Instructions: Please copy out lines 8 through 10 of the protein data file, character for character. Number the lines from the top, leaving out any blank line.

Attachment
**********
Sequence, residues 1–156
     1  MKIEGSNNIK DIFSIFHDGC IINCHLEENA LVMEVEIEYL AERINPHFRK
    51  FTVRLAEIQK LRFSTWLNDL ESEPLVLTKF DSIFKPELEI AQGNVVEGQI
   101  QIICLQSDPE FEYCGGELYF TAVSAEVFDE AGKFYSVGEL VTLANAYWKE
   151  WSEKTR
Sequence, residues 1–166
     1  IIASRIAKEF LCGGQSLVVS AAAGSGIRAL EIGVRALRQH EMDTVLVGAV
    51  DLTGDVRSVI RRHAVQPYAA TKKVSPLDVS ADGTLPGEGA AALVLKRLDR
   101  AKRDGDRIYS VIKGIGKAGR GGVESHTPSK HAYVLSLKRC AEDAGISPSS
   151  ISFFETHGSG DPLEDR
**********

    51  DLTGDVRSVI RRHAVQPYAA TKKVSPLDVS ADGTLPGEGA AALVLKRLDR
   101  AKRDGDRIYS VIKGIGKAGR GGVESHTPSK HAYVLSLKRC AEDAGISPSS
   151  ISFFETHGSG DPLEDR